The Israeli author Etgar Keret did us all a great favor in his Haaretz interview with Prime Minister Benjamin Netanyahu last month where the Prime Minister lowered his guard and stated what he really thinks and feels about the peace process.
In the interview, Netanyahu said, "This is an insoluble conflict." He went on to explain, "Because it's not about territory. It is not that you can give up a kilometer more and solve it. The root of this conflict is an entirely different place. Until Abu Mazen recognizes Israel as a Jewish state, there will be no way to reach an agreement."
Netanyahu's statement is revealing on many levels and helps us better understand his approach to the peace process. For one, since Netanyahu does not believe there is any real chance of a negotiated settlement with the Palestinians, his actions must be seen through that lens. This is very similar to understanding how a previous Israeli Prime Minister, Yitzhak Shamir, also dealt with the peace process. Like Netanyahu, Shamir did not believe there could be peace with the Palestinians, and as he revealed after he was out of office, his main goal was to obstruct and slow down any real possibility of reaching a settlement with the Palestinians.
Both Shamir and Netanyahu have a basic distrust of Arabs when it comes to Israel. Shamir's view of Arabs was influenced by the catastrophe and horrors of the Shoah (Holocaust) and particularly the murder of his parents by the Nazis. This instilled in him a belief that Jews can never again take chances on their survival. A strong influence on Netanyahu is his father. Dr. Benzion Netanyahu, age 101, is the author of "The Origins of the Inquisition in Fifteenth Century Spain," a major study of the Spanish Inquisition, which analyzed and described this very virulent strain of anti-Jewish views and murderous policy with long term implications. Related, Dr. Netanyahu has been outspoken in his clear distrust of Arabs, including in an interview he gave just two years ago to the Israeli newspaper Maariv. Writing about this influence of the older Netanyahu on his son the Prime Minister, Atlantic Magazine contributor Jeffrey Goldberg explored this dynamic last year in an article. Goldberg wrote that Benjamin Netanyahu would not be able to "look into his father's eyes" if he were to give territory to the Palestinians in a peace deal.
To dismiss the influence of the Shoah and other realities of malevolent anti-Jewish views and history on Shamir and the Netanyahus would be unfair and even irresponsible. However, by the same token, Shamir and Netanyahu have allowed themselves to be prisoners of a monolithic view of the world they live in. While there are clear dangers that Israel faces from certain quarters within the Arab and Islamic worlds, it is a failure of political leadership when immovable and petrified views become the basis for policy.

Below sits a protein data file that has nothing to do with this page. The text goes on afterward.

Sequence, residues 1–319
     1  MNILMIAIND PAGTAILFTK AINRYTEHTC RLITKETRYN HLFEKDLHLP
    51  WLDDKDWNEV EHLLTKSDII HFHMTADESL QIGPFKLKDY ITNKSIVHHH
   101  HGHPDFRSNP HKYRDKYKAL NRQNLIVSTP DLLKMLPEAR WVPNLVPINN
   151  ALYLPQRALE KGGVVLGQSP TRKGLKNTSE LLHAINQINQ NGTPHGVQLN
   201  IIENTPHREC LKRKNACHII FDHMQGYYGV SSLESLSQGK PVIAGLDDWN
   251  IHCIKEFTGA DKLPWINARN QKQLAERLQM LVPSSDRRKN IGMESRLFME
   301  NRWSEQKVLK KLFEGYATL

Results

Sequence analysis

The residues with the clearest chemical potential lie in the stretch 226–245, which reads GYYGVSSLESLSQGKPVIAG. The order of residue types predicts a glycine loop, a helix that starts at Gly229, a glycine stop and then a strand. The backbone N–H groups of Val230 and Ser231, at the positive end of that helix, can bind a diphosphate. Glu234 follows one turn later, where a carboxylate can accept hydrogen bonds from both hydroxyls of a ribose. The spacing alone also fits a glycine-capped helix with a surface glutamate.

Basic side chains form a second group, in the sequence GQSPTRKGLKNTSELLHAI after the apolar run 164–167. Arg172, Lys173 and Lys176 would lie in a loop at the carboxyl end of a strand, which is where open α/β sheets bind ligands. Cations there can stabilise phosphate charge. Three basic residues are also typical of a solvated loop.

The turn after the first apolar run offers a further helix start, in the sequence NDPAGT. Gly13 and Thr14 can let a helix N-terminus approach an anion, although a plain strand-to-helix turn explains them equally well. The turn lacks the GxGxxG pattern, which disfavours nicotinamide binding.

Two earlier Jewish leaders faced a similar analysis of danger when it came to challenges that the Jewish nation faced. In the Bible, we read that Moses sent 12 spies to scout out the land of Israel. They came back with reports that "it is a land that devours its inhabitants," sending terror among the people who decided it would be better to return to slavery in Egypt (Numbers 13). There were, however, two spies in that group of 12 who saw what the other 10 spies saw, but at the same time were open to see what else was there and what else was possible. They were able to see other realities and draw different conclusions. Joshua and Calev spoke up, saying that the land flowed "with milk and honey," and encouraged the people not to be afraid.
Rahm Emanuel's brother, Dr. Ezekiel Emanuel, writing about another insurmountable political challenge -- health care reform in the United States -- reminds us that "Losers know what they are losing, whereas winners can't exactly know what they will win since even likely projections cannot be guaranteed." He adds, "This asymmetry in the passion of winners and losers has been confirmed by the Nobel Prize -- winning research of Daniel Kahneman and Amos Tversky, who found that people constantly place less value on gaining something beneficial than retaining something they already have."
The Israeli Prime Minister is held captive by what is the known quantity and is unable to imagine a different outcome. This also stifles his understanding of what signing a peace treaty with the Palestinians means. He is correct when he says that this conflict is more than just about land. If it was just about land, it would be a much simpler conflict to end. His demand that the Palestinians recognize Israel as a Jewish State (which we note was never made of the Egyptians and Jordanians) is a clear indication that this conflict goes beyond territory -- it also contains elements of different narratives and different definitions of self and perceptions and understanding of the other. These are not changed by the simple signing of a piece of paper. They will take years to address. A peace treaty is not the end game; it is the necessary first step to allow for new relationships to emerge and for those non-territorial elements of the conflict to be addressed.
Netanyahu can stay in the camp of the 10 spies and clutch a narrow, limited view and decide not to go forward. Or he can bring a more nuanced understanding to the peace process and become a true leader like Joshua, the successor of Moses.